The First War

So there’s been radio silence on here for a while about my new writing project, and I think it’s about time to change that. My writing has been progressing, though it’s going much, much more slowly than I’d originally anticipated. I have first drafts of chapters 5-8 (yes, I started writing chapter 5 first) complete at this time, which translates to approximately 24,000 words, which means roughly 6% of my first draft is complete. If I keep this current pace up, that means I will have my entire first draft done in just under, uh, 4 years. We’re gonna need to pick up the pace here a little bit, speedy.

Anyways, that’s neither here nor there for right now. Right now, it’s time to post up a bit more backstory! In my last post I gave you all a sneak peek at some of the magic that’s going to be present in The War of the Five Gods. In this post, instead I’m going to set the stage and present the scope of the tale, in a manner of speaking. Do keep in mind, of course, that anything written here is not final and may change at any time. Also of note: this is almost certainly an early version of the book’s prologue, but I expect to add some things to it between now and the final version. For now, however, enjoy!


The Five Gods smile upon you, friend. Please, come in, lie down, make yourself comfortable. I’ve been waiting for you to visit me for some time now, and I’m so glad you have arrived unscathed. Not everyone is so fortunate, you know. What’s that, milady? My apologies, you’ll have to speak loudly. It’s too quiet in here to hear soft voices.

Oh, how did I know you were coming, you say? Everyone comes to visit me eventually, so all I have to do is wait for them to show up. Very much like that old saying, you know the one: “The fastest way to get to the end of the race is to move the finish line.” Maybe you haven’t heard that one before. It’s a very old saying.

Anyways, I do hope you’ll stay a while. I can tell that we have much to discuss, you and I. I know you have questions for me. After all, that’s why you came to visit, is it not? To ask me questions? That’s why most people come. So let’s have it—what do you want to know?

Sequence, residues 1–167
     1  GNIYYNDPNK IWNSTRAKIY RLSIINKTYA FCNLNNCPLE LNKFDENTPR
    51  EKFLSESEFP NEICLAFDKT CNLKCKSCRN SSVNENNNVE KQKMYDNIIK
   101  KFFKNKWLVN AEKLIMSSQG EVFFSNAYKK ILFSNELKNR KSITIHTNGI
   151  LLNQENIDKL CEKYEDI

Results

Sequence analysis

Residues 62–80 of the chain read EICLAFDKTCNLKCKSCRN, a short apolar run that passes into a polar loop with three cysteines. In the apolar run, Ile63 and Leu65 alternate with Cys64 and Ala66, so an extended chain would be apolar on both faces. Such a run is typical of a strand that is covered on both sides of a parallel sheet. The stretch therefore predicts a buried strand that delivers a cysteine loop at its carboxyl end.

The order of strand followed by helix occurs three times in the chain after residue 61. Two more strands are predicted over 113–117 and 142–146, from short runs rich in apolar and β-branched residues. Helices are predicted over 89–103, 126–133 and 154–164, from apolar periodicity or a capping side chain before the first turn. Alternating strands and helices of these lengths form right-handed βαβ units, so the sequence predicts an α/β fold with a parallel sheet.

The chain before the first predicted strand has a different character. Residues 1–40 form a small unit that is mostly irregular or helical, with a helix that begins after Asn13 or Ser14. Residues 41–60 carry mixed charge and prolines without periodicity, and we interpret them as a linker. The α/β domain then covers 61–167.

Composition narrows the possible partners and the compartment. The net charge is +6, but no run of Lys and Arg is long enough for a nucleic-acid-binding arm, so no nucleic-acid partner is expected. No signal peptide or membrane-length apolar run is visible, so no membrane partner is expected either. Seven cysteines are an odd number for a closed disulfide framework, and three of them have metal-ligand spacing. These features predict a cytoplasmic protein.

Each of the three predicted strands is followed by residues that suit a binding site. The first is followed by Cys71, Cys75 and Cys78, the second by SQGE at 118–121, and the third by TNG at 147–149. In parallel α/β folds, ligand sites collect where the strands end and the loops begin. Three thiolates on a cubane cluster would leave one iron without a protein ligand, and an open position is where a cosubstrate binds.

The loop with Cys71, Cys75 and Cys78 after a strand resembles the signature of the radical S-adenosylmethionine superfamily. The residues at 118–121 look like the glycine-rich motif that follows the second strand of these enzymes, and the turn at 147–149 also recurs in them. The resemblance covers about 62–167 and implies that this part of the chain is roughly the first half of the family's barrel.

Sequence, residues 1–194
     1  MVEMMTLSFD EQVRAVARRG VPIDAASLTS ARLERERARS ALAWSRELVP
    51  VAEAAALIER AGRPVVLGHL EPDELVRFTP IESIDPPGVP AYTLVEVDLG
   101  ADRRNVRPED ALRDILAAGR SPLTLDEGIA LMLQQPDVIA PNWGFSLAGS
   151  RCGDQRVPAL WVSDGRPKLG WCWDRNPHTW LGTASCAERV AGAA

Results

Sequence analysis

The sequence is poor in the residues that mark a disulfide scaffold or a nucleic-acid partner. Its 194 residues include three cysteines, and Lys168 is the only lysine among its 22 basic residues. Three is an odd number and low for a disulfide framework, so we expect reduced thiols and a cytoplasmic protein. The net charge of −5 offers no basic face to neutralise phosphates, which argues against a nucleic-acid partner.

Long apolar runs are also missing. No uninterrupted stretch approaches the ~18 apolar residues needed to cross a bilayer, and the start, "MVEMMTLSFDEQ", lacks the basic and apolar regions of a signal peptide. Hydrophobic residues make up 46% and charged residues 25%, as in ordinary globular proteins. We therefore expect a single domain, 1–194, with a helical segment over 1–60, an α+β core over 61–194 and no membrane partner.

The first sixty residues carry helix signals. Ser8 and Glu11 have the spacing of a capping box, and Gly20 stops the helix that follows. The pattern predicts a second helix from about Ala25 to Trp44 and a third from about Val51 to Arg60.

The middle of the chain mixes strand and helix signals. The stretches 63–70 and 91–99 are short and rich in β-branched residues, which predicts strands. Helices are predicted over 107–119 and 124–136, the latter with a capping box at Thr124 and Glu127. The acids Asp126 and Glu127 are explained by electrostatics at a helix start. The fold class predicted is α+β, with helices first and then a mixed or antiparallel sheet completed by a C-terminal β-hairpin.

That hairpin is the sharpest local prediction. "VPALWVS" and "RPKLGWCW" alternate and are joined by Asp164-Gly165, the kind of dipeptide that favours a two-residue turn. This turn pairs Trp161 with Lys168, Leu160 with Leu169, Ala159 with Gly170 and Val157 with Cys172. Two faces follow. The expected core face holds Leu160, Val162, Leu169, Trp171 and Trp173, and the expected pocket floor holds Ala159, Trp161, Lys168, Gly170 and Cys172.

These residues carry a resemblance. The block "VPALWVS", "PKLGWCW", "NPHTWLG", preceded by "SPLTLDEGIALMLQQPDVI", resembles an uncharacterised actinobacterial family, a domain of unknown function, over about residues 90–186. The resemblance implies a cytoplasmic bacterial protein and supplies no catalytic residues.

Oh, of course. You have all the normal sorts of questions. Yes, he really did love you, but no, it wouldn’t have worked out. So sorry for that. Your grandmother’s wedding band? Well, you lost it when you were out hiking on the cliffs. It was so cold, you know, and it just slipped off your finger. No, she wasn’t too upset with you—it went to a good cause, after all. A young starving boy found it and was able to get a few more meals. You know he eventually was crowned king, right? So in a way, you were instrumental in maintaining the political stability of the land. Good for you!

Dear me, I’m afraid I haven’t been a very good host. Here I am just jumping into the thick of things, and not even seeing to your comfort. You do look a little bit pale and out of breath. Can I get you anything? A glass of water, perhaps, or some fruit? No? Well, ok. Perhaps we should continue this later. It has been a long journey for you. Take your time. Rest, relax, sleep, recover. I’ll be here when you wake.

Ah, you’re awake. Did you have a nice rest? You were asleep for quite some time. It probably didn’t feel that long to you. Time’s funny like that here. Never seems to go at the same speed as anything else. Sort of like life, in that way, I suppose. Guess you’d know a lot about that.

Shall we continue with your questions, then? There’s not so much else to do here. You could say that I like the ascetic lifestyle. I don’t keep too many things around here to distract me. So, please, ask away!

Who am I? Ah, well, now that’d be telling, now wouldn’t it? This is the point where I’m supposed wink mischievously, except that I never really figured out how to wink. Never could make those muscles work.

Where are you? Another good question. I can see that you’re moving on to the more serious questions now. That’s pretty typical. People get tired of the easy questions pretty fast. Maybe if the questions are too easy, you can’t put much stock in the answers that you get. Or maybe you already knew the answers to the easy questions, and were just pretending you didn’t. And maybe it’s not so fun when I tell you the answers to questions that you’ve been burying for the last fifty years. I’ve been called—if you can believe it!—kind of a killjoy about certain things.